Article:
Take an Udon Tour in Kagawa, Home of Sanuki Udon Noodles! Guide to Typical Menu Items and Options for Your Udon Hopping

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Here are some tips and useful information to help you order Udon noodles with confidence in the heart of Sanuki Udon Country!


Three Types of Udon Noodle Shops

Full-Service Udon Restaurants

Like a regular restaurant, you will be seated by the staff. They will take your order and bring Udon to you.

Self-Service Udon Noodle Shops

You will order and receive Udon at the counter, and take it to the table yourself. When you are done, return the tray to the return counter.
* Though it depends on the shop, some allow you to fully experience making “Kake Udon” by warming up noodles and pouring Dashi broth by yourself.

Noodle-Making Factories

They are wholesale Udon noodle manufactures. In one corner of the noodle factory, there is a simple eat-in space with Dashi broth, soy sauce, condiments, and basic tableware. The greatest thing is that you can eat freshly made Udon on the spot.

Basic Knowledge of Udon Noodles

Freshly made Udon noodles are boiled in a pot for about 10 to 15 minutes, cooled in cold water, and arranged in single servings one by one in a noodle container.


Different Phases of Cooked Udon Noodles:

Phase 1: Noodles Right out of the Pot (Kamaage)

Udon is served freshly boiled out of pot, and it is hot to the core. The noodles are slightly soft, but still maintain the perfect firm texture.

Phase 2: Cooled in Cold Water

Udon is firmed up after the phase 1 by cooling in water. You can best taste the distinct firm texture of the noodles at this phase.

Phase 3: Reheat

Udon is reheated by quickly boiling the noodles from phase 2. The firmness is a happy medium between the softer Kamaage noodles and firmer cold noodles.

Phase 4: Cook and Simmer

This is a variety of Udon in which the cooked noodles from phase 2 and cooked ingredients are put together and simmered. There are also some menu items that use freshly-made Udon noodles instead of pre-boiled ones.



Kagawa Local Products Promotion Organization

The Basics of Dashi Broth

Udon soup stock and soup broth are all "Dashi" in Sanuki, which is the old name of Kagawa. Dashi broth is usually made with dried sardines (Iriko), kelp, bonito flakes, and more. Then, it is seasoned with soy sauce, sweet cooking rice wine (mirin), sugar, and sake.

Types of Dashi Broth

  • Tsuke Dashi, Dipping Sauce
  • Kake Dashi, Broth with a light yet complex flavor
  • Bukkake Dashi (some may just use Tsuke Dashi) …a more concentrated broth. It has a stronger, more intense flavor and a darker color than Kake Dashi.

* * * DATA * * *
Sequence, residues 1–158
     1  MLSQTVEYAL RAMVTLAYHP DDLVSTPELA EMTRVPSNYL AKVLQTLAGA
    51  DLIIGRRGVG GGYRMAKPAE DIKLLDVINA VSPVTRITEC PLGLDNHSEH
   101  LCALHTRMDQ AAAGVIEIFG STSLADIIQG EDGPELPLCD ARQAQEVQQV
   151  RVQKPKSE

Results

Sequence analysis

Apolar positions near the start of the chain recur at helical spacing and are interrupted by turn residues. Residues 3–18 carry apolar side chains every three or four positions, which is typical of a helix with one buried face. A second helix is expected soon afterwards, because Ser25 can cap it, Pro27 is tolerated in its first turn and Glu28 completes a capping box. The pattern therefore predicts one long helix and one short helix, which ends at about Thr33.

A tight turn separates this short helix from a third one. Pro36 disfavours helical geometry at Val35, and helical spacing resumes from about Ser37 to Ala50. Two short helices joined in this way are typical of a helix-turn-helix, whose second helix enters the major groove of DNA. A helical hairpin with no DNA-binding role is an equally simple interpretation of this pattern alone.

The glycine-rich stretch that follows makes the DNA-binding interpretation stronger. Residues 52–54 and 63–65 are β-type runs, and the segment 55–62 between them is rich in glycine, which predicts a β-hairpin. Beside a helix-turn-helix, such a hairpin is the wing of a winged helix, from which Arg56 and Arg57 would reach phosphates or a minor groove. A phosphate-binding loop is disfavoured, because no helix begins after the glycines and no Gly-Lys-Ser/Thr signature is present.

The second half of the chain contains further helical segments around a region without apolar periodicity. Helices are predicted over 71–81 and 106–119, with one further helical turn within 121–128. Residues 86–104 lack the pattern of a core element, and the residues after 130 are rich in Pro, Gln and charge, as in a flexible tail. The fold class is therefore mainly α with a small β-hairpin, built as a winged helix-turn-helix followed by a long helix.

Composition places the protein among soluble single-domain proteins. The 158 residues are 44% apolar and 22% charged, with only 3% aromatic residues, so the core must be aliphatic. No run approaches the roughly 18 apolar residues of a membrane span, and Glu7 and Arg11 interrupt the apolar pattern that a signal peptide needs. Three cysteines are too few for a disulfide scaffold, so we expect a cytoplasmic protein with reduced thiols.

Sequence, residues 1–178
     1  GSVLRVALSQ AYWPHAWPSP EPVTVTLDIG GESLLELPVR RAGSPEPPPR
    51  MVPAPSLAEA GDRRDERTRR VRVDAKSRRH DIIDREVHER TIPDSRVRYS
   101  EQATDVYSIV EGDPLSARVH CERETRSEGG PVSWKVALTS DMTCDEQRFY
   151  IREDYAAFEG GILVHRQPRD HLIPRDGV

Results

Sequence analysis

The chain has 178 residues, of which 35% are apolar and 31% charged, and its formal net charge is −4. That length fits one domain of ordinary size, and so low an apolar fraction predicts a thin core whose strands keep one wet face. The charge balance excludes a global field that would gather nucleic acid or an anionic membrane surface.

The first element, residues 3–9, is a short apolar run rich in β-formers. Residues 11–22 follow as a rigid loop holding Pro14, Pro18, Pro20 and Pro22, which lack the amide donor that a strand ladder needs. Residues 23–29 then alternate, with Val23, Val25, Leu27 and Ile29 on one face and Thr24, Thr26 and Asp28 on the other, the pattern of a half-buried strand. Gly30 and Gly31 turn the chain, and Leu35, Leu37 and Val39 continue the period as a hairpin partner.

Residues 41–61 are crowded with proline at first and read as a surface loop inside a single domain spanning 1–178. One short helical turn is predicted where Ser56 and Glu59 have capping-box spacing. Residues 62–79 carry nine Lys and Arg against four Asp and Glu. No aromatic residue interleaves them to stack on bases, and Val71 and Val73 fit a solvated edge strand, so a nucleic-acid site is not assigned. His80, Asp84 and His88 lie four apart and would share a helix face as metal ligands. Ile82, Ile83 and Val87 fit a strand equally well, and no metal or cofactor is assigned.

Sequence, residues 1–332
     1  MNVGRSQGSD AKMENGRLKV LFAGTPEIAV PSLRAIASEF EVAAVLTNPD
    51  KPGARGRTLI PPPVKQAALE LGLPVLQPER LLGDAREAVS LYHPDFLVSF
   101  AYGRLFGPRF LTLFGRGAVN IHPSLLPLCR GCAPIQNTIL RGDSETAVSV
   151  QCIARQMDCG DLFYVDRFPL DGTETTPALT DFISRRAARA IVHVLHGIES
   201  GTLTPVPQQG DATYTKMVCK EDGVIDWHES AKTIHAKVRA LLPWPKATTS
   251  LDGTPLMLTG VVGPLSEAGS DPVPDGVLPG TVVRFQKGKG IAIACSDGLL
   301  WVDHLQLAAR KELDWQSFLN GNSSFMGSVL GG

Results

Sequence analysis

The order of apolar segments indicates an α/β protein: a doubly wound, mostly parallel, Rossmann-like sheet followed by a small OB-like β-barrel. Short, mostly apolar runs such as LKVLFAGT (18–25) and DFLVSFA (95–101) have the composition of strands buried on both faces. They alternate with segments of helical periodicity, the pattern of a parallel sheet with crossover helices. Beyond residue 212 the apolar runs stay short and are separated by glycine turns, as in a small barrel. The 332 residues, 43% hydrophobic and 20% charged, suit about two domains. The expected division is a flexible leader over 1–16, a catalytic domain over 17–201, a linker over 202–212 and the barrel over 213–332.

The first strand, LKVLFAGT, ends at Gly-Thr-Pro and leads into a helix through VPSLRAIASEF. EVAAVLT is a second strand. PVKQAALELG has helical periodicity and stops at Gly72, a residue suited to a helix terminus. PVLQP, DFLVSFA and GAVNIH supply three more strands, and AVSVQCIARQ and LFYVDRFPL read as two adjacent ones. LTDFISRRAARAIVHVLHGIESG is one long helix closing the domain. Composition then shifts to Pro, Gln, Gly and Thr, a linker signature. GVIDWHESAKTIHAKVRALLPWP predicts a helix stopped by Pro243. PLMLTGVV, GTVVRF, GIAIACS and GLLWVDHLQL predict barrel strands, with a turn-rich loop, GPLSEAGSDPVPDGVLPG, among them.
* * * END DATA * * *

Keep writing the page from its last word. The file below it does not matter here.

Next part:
Udon Menu by Type of Noodles

Notation: a common "Menu Name" in quotation marks and [a type of Dashi broth to go with] in square brackets
*Please note that some eateries and menu items may not follow this classification.

Phase 1: Kamaage: piping hot noodles straight out of the boiling water

Definition: Udon noodles not cooled in cold water after boiling

“Kamaage” [Tsuke Dashi]

The standard “Kamaage” is served with hot water in which noodles were boiled and eaten with Tsuke Dashi, a dipping sauce. Depending on the timing of order, you may wait 15 minutes or so for boiling noodles on the spot. Nonetheless, the freshly made Kamaage Udon tastes heavenly!

For Your Information...
Freshly boiled "Kamaage" has a nice springy texture and is slightly more tender than noodles cooled in cold water. Since the noodles are covered with starchy coating, dark Tsuke Dashi dipping sauce sticks well. With Kamaage, you can savor the texture of the delicious noodles with every bite. "Kamaage" can also be spelled as "Kama-age" or "Kama age." Also, in Japanese, 釜揚げ or 釜上げ.


▼Kamaage Variations:

“Kamakake” [Kake Dashi]
Hot Kake Dashi, lighter broth, is poured over Kamaage noodles.

"Kama Bukkake" [Bukkake Dashi]
Bukkake Dashi, concentrated darker broth, is poured over Kamaage noodles.

"Kamatama" [Soy Sauce]
Hot Kamaage noodles are tossed in with a raw egg and soy sauce. The residual heat of the noodles warms the egg, which becomes melty and clings to the noodles. Absolutely fantastic!



"Kama Butter" (Soy Sauce)
This new menu item adds a twist to Kamatama with butter and black pepper. Add some soy sauce, too.


Note:

Some eateries may not carry "Kamaage" while other shops may offer unique Kamaage with a variety of toppings.

Phase 2: Firm Noodles in Cold Water

Boiled Udon noodles are cooled in water, firmed up, and arranged in single servings one by one in a noodle container.

For Your Information...
After boiling, noodles are cooled with water to firm up. This is actually the most common form of Sanuki Udon noodles.